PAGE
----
Sport Horse Racing

Monday 19 August 2019

Douvan dazzles in Mullins bonanza

Douvan, under Ruby Walsh, at his majestic best as he sails over the second fence at Leopardstown. Photo by Matt Browne/Sportsfile
Douvan, under Ruby Walsh, at his majestic best as he sails over the second fence at Leopardstown. Photo by Matt Browne/Sportsfile

Johnny Ward

Formality can dull the collective soul - like Barcelona and Real ­Madrid playing in front of ­seemingly ­indifferent masses, as they often do nowadays.

Douvan probably knows it too. They say that when he cornered the perimeter of the Mallow parade ring on his reappearance, Douvan stopped twice to peer around, apparently concerned that the crowd had lost sight of his being there.

They hadn't. Nor had those among the 17,783 who barged for favourable vantage at a heaving Leopardstown, basking in such winter sun as to befit a day when we get to see Douvan.

They thronged the ring, ­smartphones ready, but now the subject of the ­accolades was back to being the chilled-out Douvan those in Closutton know him to be. At home, he's John Coffey in 'The Green Mile', only with greater magic powers: a giant, a lamb. This, Willie Mullins said amid a Leopardstown five-timer, had not changed since his return to work this autumn - but there was a little concern.

"His work rider was new and he didn't seem to be quite the same Douvan," Mullins conceded. "So I asked Holly Conte, his new work rider, to have a chat with Gayle Carlisle, who was there before her."

It was all much ado about nothing. Perhaps the best jumper of my generation produced another flawless performance in the Grade One Chase. Soon he will feel like Celtic when Rangers were out of the top flight.

Asked would he like a Thistlecrack clash one day, Rich Ricci said: "Sure."

A step up in trip next season - rather than this one - rates as a live possibility. His success at odds of 1/8 was to be expected, yet one is still left in awe.

The sorrow was that Sizing John, runner-up and having only his first start out of novice company, was suffering defeat to Douvan for the seventh time.

"Every time a horse like that runs I've my heart in my mouth," said the winning trainer. "He did what we hoped and we didn't learn anything new. He has spectacular scope; anyone that rides him just says he has a different gear. All the others around you are paddling looking to go faster while you are sitting on him. He just has a huge stride and does it effortlessly. He's a lovely horse in the stable and a kid could lead him up in the yard. He has a beautiful temperament and he has such size too."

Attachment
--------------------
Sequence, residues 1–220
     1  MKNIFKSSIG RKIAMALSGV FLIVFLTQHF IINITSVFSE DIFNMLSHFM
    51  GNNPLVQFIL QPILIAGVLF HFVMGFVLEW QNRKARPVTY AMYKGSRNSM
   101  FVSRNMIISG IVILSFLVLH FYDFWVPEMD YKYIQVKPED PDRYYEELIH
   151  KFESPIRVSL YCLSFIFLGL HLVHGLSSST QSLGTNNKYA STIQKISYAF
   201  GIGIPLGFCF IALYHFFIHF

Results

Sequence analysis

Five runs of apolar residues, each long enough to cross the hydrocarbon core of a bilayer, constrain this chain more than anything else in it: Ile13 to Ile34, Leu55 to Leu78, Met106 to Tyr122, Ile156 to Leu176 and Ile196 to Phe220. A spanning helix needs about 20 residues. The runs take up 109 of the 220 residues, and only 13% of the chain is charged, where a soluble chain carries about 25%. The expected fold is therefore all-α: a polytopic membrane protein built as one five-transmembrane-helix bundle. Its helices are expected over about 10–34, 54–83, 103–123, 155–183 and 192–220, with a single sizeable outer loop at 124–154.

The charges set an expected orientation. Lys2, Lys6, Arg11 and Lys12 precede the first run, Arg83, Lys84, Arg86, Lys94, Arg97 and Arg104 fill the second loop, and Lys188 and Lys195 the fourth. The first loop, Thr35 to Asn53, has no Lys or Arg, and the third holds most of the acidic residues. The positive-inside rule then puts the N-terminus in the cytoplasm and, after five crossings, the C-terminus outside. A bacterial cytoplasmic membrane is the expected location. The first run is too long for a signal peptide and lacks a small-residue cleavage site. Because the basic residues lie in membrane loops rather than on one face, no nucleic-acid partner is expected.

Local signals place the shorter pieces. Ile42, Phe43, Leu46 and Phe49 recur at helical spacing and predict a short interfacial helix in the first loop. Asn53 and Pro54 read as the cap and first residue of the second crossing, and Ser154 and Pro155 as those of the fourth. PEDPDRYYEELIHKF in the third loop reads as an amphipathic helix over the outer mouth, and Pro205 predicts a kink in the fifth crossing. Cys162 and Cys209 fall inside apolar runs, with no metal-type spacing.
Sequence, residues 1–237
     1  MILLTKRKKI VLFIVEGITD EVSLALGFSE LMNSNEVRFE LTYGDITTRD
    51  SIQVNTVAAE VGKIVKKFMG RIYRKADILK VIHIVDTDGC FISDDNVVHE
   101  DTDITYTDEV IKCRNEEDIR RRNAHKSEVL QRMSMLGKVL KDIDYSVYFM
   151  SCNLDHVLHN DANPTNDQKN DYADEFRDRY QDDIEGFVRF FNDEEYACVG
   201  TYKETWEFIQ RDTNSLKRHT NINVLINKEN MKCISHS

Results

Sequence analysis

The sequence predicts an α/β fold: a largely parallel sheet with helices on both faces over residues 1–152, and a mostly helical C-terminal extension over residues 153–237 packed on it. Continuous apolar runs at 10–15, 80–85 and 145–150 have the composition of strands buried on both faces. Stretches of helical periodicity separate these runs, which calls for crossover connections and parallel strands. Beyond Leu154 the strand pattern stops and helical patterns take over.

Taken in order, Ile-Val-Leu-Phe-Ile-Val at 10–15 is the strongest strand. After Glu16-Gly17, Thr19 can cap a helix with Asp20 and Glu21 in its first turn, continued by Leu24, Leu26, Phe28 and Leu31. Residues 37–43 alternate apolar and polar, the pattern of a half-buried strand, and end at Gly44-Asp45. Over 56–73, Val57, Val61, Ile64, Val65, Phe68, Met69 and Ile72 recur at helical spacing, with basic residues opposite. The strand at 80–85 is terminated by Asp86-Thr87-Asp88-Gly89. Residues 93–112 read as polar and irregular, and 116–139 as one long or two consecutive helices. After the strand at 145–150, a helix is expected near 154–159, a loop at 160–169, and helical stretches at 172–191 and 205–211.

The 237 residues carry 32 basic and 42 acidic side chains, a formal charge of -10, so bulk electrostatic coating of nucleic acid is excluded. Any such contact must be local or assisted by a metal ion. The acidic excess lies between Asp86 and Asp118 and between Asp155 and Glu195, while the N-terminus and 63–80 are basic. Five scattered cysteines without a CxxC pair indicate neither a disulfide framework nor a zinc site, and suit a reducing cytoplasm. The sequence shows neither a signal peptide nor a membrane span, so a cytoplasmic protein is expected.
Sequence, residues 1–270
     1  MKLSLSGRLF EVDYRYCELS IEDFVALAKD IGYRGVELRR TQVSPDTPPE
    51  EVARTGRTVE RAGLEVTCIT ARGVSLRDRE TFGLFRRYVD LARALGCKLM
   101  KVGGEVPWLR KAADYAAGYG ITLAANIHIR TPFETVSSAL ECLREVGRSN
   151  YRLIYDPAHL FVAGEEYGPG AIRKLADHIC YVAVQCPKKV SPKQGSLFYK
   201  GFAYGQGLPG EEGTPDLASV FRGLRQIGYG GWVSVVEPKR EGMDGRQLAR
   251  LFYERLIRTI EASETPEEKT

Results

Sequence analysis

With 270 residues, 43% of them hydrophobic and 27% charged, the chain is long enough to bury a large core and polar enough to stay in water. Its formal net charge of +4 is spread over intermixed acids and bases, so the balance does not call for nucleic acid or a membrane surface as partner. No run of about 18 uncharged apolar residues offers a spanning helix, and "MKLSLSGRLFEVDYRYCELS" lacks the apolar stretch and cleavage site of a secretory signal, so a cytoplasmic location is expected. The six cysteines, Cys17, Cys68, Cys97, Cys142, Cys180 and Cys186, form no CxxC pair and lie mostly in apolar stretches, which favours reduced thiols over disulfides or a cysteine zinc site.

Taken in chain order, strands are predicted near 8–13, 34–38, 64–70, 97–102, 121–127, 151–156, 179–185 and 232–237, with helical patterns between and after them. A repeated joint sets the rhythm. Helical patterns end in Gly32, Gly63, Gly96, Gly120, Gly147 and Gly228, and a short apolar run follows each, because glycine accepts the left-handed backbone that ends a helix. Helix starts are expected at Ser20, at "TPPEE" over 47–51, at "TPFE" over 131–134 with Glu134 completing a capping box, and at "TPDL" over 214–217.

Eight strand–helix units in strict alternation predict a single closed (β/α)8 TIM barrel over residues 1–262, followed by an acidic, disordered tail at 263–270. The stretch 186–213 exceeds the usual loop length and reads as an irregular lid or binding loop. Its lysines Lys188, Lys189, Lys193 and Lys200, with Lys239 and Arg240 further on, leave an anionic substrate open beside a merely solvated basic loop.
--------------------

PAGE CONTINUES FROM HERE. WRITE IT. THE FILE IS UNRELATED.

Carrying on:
When Douvan returned to the parade ring, the welcome was more polite than raucous: this is what is now expected. So is a Mullins five-timer but, in snaring the €190,000 Paddy Power, Gordon Elliott reasserted some control at the top of the trainers' table.

Chris Jones' Noble Endeavor got a patient steer from Davy Russell (6/1) to deny a colossal gamble on The Crafty Butcher, part-owned by rugby stars Ian Madigan and Dominic Ryan.

"It's been frustrating but at least they are finishing second rather than second-last," said Elliott. "I'm thrilled for Chris, who invests so much."

For Madigan, it was almost a dream realised, but he was still positive. "I'm already looking forward to the next day," said the Bordeaux out-half.

As well as Douvan, Ruby Walsh saw success on Merie Devie (11/8), Bacardys (4/6) and That's A Wrap (3/1). Merie ­Devie proved extremely impressive in the ­juveniles' maiden. Mullins also took the bumper with imposing 9/10 favourite Ballyward, while the Grade One novice hurdle went to stablemate Saturnas at 9/2.

So smooth was her victory, it was surprising that Ladbrokes dangled 16s about Merie Devie for the JCB Triumph Hurdle, though they later took evasive action. Mullins' words were telling, too.

"She was really novicey jumping at home and she should improve loads from that," he said, with Ruby Walsh compelled to say: "Don't forget she was a ten-furlong horse on the Flat."

Saturnas' win was achieved in an underwhelming edition of the novices' race but the significance of Paul Townend achieving a Grade One success was not lost on Mullins. "It's fantastic for Paul to get that," said the Closutton supremo.

After his five winners at Foxrock and his one at Limerick (Some Neck, which was partnered to victory by son Patrick who then headed to Leopardstown to steer Ballyward home in the last), Mullins had everyone talking about his chances of fending off Elliott's challenge to the champion trainer's title.

Asked by the Irish Independent if retaining his crown mattered, Mullins said: "Of course; you wouldn't be competitive if it didn't." Ruby, meanwhile, reminded us of something others may forget. "Douvan is still a very young horse: he has a lot of racing in front of him." We can only pray it is so.

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